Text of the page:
Types of Figurative Language

There are various types of figurative language in the Bible, and these types are found in modern English as well, although the specific examples usually are different. We’ve already seen one type of figurative language in the example about “knowing”; this figure of speech, in which something is spoken of indirectly in order to be delicate or polite, is called a euphemism. On the next page is a table listing the most common types of figurative language with some fairly easy to understand examples. Let’s look at a few of these types and some biblical passages where misunderstandings have arisen because readers didn’t recognize or properly interpret the figurative language.

A simile is a comparison with something that is actually very different. The comparison is made using the words “as” or “like” or an equivalent. Similes are usually the easiest types of figurative language to recognize, although their meaning may sometimes not be immediately clear due to the culture gap between us and the people of the Bible. When Jesus told his disciples to be “wise as serpents” (Matthew 10:16), he meant that they should be shrewd and discerning, positive traits even if illustrated using serpents (which we normally think of as bad).

One simile that some readers have misunderstood is Luke’s description of Jesus’ agony in Gethsemane. Luke says that “his sweat was as it were great drops of blood falling down to the ground” (Luke 22:44 KJV). The words “as it were” mean that Jesus’ sweat was like great drops of blood, not that Jesus was literally sweating blood. (Just to confirm the point, the words “as it were” translate the Greek word hōsei, which meant “as” or “like.”) This misunderstanding led the Mormon religion to teach that Jesus was actually providing the Atonement in the Garden of Gethsemane, an idea found nowhere in the Bible. The Bible consistently says that Jesus atoned for our sins by his death on the cross (Romans 5:6-10; 6:3-10; Hebrews 9:12-22; 1 Peter 2:24; 3:18). Luke’s simile means that Jesus’ sweat was falling in large, heavy beads, similar to the way drops of blood fall to the ground.

Types of Figurative Language Biblical Examples
A comparison with something that is actually very different, made using “as” or “like” (e.g., “like a rock” = sturdy, dependable).

Wise as serpents
= shrewd (Matt. 10:16)
As a hen gathers her chicks under her wings = to protect them from harm (Matt. 23:37)
A comparison like a simile, but without “as” or “like” (e.g., “the dawn of a new day” = the start of a new era).

Leaven of the Pharisees = permeating hypocrisy in their teaching (Matt. 16:5-12; Luke 12:1)
You serpents = deceiving, hurtful creatures, like Satan (Matt. 23:33)
A fixed expression with a distinctive sense typically not obvious from the words themselves, often rooted in a metaphor (e.g., “kick the bucket” = die).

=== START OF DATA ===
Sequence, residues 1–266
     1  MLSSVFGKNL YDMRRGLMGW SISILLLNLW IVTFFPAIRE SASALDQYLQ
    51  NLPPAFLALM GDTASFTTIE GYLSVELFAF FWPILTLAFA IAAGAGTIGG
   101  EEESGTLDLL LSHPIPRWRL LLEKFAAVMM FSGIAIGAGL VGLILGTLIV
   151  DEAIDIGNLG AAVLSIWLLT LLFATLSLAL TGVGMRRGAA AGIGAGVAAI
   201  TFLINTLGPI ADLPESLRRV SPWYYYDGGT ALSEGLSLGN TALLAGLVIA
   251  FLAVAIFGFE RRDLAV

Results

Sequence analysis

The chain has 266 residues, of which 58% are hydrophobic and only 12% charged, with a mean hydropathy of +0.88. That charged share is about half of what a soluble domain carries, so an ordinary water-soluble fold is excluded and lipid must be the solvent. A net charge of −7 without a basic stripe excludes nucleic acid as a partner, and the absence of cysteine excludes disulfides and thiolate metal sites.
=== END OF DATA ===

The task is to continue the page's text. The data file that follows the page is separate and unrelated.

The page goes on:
Their hearts melted = they lost courage (e.g., Josh. 5:1; cf. Ps. 22:14)
What to me and to you = What business do you have with me? (Matt. 18:29; John 2:4)
Idiom used to refer indirectly, and so more politely or delicately, to someone or something (e.g., “visit the men’s room” = use the toilet).

= have sexual relations with (e.g., Matt. 1:25; Luke 2:33; Gen. 19:5, 8)
Uncover the nakedness of = have sexual relations with (Lev. 18:6-19)
Irony and Sarcasm
Language that says the opposite of what is meant, for effect; irony tends to be witty and more subtle, while sarcasm tends to be more biting (e.g., “Yeah, right” = I don’t believe it).

Irony: You have already become rich; you have become kings without us (1 Cor. 4:8)
Sarcasm: How the king of Israel distinguished himself today! (2 Sam. 6:20)
Exaggerated or overstated language, often idiomatic (e.g., “tons of money” = lots of money).

The whole city (Mark 1:33) = a large crowd
If your right eye trips you up, pluck it out (Matt. 5:29) = don’t allow what you see to cause you to sin
Non-metaphorical statement succinctly expressing a general truth or principle (e.g., “Honesty is the best policy”).

Pride before destruction, and a haughty spirit before a fall (Prov. 16:18).
Better is open rebuke than concealed love (Prov. 27:5).
Typically metaphorical statement expressing in picturesque way a general truth (e.g., “The early bird gets the worm”).

Drink water from your own cistern, and fresh water from your own well (Prov. 5:15).
A man reaps what he sows (Gal. 6:7b) = what you get is a function of what you give
A story functioning as an extended simile, typically illustrating a central point.

The Lost Sheep and The Lost Coin (Luke 15:3-10): parables illustrating God’s rejoicing over the lost who are found